After the last tourists leave the Church of the Holy Sepulcher in Jerusalem’s Old City at nightfall, a little-known but centuries-old tradition unfolds at one of Christianity’s holiest sites.
Clerics from the three largest denominations represented in the church — Greek Orthodox, Armenian and Roman Catholic — gather each night for special prayers reserved for the men who take care of the site where Christians believe Jesus was crucified, buried and resurrected.
Starting at midnight, clerics and monks sing and pray for hours, their chants echoing through the cavernous chambers of the Holy Sepulcher’s darkest rooms.
"The door of the church is closed, no pilgrims, no tourists, it’s very quiet," said Father Isidoros Fakitsas, the superior of the Greek Orthodox Patriarchate at the church. "It’s amazing to feel the liturgy with no people, only the monks."
Isidoros said he has attended the services for 21 years.
The preparations require a rigid routine. Before the first prayers of the new day, the Christian shrine needs to be cleaned, and maintenance work has to be done.
The clerics sweep the floors, replace oil lamps and clean candle holders, after thousands of pilgrims visited throughout the previous day. Occasionally a small number of devoted pilgrims help them with the cleanup and are permitted to stay and pray inside the church all night.
The early morning mass is a tradition associated with monastic life, said Father Eugenio Alliata, professor of Christian Archaeology at the Studium Biblicum Franciscanum in Jerusalem.
"Mostly monks and religious people want to pray not only all the day, but also all the night, or part of the day or part of the night. It is part of the desire to pray without ceasing because prayers to God must be given all the time, day and night," Alliata said.
Father Fergus Clarke, the guardian for the Franciscan community inside the Holy Sepulcher, said the night prayers require a certain amount of personal sacrifice, but also bring greater spiritual fulfillment. "That’s a wonderful vocation ... to be able to do something like that, to know that while people are sleeping, others are praying," he said.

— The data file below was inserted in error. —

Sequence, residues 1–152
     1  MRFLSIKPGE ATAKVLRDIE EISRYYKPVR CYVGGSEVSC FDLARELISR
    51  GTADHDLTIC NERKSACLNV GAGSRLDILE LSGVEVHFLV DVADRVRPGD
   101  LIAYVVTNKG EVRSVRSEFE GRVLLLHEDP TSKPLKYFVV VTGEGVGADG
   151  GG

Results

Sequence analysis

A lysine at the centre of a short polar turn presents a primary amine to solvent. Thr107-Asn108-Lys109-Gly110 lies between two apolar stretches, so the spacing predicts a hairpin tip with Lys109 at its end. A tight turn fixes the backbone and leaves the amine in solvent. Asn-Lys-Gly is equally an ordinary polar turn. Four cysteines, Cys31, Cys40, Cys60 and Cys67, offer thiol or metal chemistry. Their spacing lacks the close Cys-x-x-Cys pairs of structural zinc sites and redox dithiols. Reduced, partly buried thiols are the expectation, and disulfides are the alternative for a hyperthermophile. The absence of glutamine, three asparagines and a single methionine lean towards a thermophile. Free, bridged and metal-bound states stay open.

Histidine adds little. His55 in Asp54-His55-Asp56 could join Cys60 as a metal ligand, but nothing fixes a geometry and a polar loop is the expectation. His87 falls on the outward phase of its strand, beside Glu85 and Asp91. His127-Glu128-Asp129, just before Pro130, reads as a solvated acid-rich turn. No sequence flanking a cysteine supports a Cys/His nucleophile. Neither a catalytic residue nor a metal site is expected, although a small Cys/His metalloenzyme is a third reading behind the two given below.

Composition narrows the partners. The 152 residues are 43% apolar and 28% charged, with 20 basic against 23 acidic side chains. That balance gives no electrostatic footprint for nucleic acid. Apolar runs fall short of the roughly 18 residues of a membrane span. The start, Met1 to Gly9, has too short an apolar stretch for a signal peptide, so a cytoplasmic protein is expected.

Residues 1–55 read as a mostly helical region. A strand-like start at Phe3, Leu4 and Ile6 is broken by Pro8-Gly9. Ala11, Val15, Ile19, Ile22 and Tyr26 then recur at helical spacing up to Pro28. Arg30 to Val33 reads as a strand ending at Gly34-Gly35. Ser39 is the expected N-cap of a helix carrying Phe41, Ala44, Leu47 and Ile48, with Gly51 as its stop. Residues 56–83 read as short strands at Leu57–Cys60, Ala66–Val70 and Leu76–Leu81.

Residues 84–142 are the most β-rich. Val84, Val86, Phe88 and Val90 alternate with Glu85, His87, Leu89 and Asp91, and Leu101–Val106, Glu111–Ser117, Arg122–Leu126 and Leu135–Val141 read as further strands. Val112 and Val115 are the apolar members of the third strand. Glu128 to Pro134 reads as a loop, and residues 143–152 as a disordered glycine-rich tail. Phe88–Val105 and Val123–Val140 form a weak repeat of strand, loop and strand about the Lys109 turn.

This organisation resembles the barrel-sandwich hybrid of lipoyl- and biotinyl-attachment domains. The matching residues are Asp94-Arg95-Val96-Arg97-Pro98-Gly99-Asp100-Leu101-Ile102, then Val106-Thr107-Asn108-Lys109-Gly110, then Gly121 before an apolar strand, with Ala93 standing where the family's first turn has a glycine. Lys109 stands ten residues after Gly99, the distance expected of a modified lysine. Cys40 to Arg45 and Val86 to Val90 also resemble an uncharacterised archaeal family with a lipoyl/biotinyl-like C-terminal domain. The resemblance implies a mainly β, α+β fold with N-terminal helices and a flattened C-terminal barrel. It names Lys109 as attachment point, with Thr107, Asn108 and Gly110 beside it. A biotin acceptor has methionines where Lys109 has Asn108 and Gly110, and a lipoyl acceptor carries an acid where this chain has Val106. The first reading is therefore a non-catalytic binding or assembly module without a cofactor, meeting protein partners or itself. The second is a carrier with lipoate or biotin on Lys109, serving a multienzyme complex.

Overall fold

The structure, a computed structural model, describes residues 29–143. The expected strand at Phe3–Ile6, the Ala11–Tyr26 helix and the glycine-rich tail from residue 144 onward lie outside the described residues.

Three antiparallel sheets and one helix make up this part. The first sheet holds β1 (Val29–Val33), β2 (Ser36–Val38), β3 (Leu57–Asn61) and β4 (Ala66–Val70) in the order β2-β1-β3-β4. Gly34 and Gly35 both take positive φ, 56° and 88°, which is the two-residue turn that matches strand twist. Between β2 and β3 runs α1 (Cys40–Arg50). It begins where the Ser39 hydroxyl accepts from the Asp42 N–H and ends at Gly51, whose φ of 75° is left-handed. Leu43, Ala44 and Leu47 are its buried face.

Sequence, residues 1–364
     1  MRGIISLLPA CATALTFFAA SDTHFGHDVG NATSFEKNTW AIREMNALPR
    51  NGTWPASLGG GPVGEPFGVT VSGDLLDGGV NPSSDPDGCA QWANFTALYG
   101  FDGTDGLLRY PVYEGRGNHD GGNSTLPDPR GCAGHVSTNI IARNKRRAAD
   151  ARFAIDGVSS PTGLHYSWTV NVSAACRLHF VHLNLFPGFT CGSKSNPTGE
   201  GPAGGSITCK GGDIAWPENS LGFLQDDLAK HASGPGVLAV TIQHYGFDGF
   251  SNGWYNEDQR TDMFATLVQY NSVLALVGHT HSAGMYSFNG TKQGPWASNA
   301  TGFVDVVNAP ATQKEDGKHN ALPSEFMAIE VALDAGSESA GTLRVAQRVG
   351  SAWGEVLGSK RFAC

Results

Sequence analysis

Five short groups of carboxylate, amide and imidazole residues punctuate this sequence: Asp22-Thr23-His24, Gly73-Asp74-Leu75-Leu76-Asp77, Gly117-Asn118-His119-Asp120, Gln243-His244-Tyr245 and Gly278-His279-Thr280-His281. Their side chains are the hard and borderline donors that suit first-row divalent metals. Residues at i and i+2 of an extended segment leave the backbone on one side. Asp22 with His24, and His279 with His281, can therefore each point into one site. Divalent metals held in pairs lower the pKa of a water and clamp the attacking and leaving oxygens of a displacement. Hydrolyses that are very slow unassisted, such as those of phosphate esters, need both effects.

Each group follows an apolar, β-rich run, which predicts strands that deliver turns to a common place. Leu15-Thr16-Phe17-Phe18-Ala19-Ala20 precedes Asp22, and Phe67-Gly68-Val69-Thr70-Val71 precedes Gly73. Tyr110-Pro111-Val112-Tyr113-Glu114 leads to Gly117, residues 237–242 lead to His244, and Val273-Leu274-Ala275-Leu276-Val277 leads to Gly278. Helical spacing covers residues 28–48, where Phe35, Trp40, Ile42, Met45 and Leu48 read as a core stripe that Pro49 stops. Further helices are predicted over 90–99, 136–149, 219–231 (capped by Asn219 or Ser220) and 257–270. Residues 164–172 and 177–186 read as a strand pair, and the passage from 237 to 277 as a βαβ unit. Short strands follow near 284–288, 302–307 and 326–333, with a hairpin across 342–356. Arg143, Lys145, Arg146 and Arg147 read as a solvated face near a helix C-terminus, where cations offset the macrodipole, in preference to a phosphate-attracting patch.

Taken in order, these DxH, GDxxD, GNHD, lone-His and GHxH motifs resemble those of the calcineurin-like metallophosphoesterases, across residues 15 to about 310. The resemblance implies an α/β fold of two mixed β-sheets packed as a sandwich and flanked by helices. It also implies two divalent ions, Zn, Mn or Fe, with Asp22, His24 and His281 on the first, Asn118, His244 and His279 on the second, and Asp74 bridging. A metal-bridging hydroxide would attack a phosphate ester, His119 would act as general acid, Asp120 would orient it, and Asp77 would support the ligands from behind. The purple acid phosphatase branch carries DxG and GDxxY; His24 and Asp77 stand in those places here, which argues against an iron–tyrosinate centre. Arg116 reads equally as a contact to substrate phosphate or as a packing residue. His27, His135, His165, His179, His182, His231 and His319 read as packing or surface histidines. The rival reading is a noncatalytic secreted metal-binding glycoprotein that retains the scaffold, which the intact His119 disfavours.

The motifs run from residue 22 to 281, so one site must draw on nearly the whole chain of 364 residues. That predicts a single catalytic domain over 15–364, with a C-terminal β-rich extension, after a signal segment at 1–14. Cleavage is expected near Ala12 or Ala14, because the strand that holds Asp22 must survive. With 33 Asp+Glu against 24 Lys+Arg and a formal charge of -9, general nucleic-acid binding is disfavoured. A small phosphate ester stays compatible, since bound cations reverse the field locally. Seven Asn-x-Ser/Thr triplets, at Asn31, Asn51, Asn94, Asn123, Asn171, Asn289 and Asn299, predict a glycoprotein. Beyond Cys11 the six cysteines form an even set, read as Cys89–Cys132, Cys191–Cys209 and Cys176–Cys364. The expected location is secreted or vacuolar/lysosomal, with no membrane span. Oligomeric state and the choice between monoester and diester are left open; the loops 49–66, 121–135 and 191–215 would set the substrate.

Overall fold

The night liturgies inside the Holy Sepulcher are regulated by a consolidated tradition: The Greek-Orthodox start to celebrate mass inside Jesus’ Tomb at 12:30 a.m., before handing over to the Armenians and then the Franciscans. The Greek Orthodox liturgy at the tomb is the longest, lasting for about three and a half hours; the Armenians then take over for an hour and a half and the Franciscans for another half hour.
The night service is subject to some variations. On the feast of Saint Matthias on the morning of May 14, for example, Catholics lead a procession to Jesus’ tomb during the Greek Orthodox liturgy.
Sounds collided with one another that night. The celestial voices of Armenian priests rose from their wing of the Church as the sound of a Franciscan pipe organ came from the opposite direction.
Competing for attention is nothing new in the ancient church.
The three main denominations that share the church jealously guard their turf, and an air of mistrust lingers as each group makes sure no one else crosses into their space.
While the Tomb of Jesus and the main passages of the Holy Sepulcher are considered common spaces, the three main religious communities each own a part of the church: The Chapel of Saint Helen, near the place where Jesus’ cross is said to have been found, belongs to the Armenians; the Greek-Orthodox Church has ownership over the largest part of the church, including the Altar of the Calvary, where Jesus’s cross was raised; the Franciscans own the Chapel of the Crucifixion where Jesus was crucified, along with the northern part of the Church, where according to tradition Jesus appeared to his mother.
The church was first built by Roman Emperor Constantine in 325, at the site where the tomb of Jesus was believed to have been found.
Constantine’s structure was destroyed in 1009 by Muslim Caliph al-Hakim.
A 12th century restoration by the Crusaders gave the Holy Sepulcher its current appearance.
Life inside the Holy Sepulcher is regulated by a complex maze of norms that are often subject to different interpretations, said Father Samuel Aghoyan, the Armenian Superior of the Holy Sepulcher.
At times, tensions have even spilled over into violence, with monks pushing and punching each other.
"We keep almost awake at night here to see that things are done properly, on time, that no one will trespass the other’s right by doing things that he’s not supposed to do," said Father Samuel.
"So we have to be careful and watch what we do or what they do."